California Consumer Privacy Act (CCPA)


The California Consumer Privacy Act (CCPA) was enacted into law on June 28, 2018. The CCPA seeks to ensure California consumers have a certain level of privacy rights. 

To read more about the CCPA please visit California Legislative Information.

AWS offers best practices and resources, including two whitepapers — Using AWS in the Context of Common Privacy & Data Protection Considerations and Preparing for the California Consumer Privacy Act. We have service capabilities that may help enable customer compliance, such as deletion, encryption, and monitoring of processing on our AWS Service Capabilities page.

For information on how AWS collects and uses customer personal information, please visit our Privacy Notice, and our Data Privacy FAQ.

  • The California Consumer Privacy Act (CCPA) is a bill passed by the California State Legislature and signed into law on June 28, 2018, and amended on September 23, 2018. The CCPA seeks to ensure California consumers the following rights:

    • The right of Californians to know what personal information is being collected about them.
    • The right of Californians to know whether their personal information is sold or disclosed and to whom.
    • The right of Californians to say no to the sale of personal information.
    • The right of Californians to access their personal information.
    • The right of Californians to equal service and price, even if they exercise their privacy rights.
  • The CCPA defines a business as a for-profit entity that collects consumer personal data. A business in the state of California that meets at least one of the following thresholds may be subject to compliance:

    • Businesses that earn $25,000,000 or more a year in revenue
    • Businesses that annually buy, receive, sell or share personal information of 50,000 or more consumers, households or devices for commercial purposes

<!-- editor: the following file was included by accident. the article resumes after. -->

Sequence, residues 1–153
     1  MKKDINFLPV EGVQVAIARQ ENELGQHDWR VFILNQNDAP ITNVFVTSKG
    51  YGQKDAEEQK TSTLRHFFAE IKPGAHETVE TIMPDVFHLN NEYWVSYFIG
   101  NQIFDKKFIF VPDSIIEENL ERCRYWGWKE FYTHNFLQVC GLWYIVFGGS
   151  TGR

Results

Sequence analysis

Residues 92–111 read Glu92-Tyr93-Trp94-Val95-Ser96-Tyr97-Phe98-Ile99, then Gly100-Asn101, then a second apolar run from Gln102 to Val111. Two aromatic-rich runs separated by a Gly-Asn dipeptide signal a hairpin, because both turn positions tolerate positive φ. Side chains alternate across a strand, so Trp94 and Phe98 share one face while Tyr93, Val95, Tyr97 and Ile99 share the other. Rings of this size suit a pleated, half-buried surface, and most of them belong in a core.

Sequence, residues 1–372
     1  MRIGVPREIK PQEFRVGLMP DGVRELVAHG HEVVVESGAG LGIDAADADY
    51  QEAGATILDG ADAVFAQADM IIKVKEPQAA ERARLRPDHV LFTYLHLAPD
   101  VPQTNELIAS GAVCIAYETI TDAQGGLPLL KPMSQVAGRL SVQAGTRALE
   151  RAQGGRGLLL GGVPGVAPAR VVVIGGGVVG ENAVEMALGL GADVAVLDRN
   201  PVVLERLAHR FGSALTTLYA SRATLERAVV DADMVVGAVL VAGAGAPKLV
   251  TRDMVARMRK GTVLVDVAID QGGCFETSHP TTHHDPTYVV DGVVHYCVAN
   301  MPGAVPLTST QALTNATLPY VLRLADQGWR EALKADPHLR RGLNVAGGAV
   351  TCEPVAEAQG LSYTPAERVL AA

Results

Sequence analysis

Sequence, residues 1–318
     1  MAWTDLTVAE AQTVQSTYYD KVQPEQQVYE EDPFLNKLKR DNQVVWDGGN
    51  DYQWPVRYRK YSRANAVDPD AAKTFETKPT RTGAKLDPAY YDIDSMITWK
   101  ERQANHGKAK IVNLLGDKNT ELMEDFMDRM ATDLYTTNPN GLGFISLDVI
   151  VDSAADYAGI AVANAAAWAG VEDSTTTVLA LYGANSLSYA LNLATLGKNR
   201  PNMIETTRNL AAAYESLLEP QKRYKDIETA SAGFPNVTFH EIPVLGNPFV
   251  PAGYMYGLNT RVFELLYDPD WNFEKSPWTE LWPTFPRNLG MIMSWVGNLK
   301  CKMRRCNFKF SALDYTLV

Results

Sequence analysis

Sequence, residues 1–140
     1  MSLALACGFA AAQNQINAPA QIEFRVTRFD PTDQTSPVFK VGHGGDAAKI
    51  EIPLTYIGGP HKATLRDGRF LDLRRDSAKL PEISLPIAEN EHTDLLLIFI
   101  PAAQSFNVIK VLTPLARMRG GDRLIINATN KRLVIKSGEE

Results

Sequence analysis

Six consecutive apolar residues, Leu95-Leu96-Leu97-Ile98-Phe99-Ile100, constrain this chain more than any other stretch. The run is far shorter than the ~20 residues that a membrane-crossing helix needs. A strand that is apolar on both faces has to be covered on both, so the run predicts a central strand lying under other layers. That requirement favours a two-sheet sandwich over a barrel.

• Business that derive 50% or more of its annual revenue from selling consumer personal information

    Consult your legal team if you think the CCPA may apply to you.

  • Although AWS designs services to be used by customers globally to securely process data, including personal data, under a wide variety of data protection regimes (see our Data Privacy page), we cannot provide advice to customers about their compliance with legal requirements and recommend that customers consult their own legal counsel on how best to approach compliance.

  • Under the AWS Shared Responsibility Model, customers can build on the technical and organizational security measures and controls offered by AWS to manage their own compliance requirements. Customer responsibility will be determined by the AWS Cloud services that a customer selects. This determines the amount of configuration work the customer must perform as part of their security responsibilities. Customers can use familiar measures to protect their data, such as encryption and multi-factor authentication, in addition to AWS security features like AWS Identity and Access Management.

    When evaluating the security of a cloud solution, it is important for customers to understand and distinguish between:

    • Security measures that AWS implements and operates - "security of the cloud", and
    • Security measures that customers implement and operate, related to the security of their customer content and applications that make use of AWS services - "security in the cloud"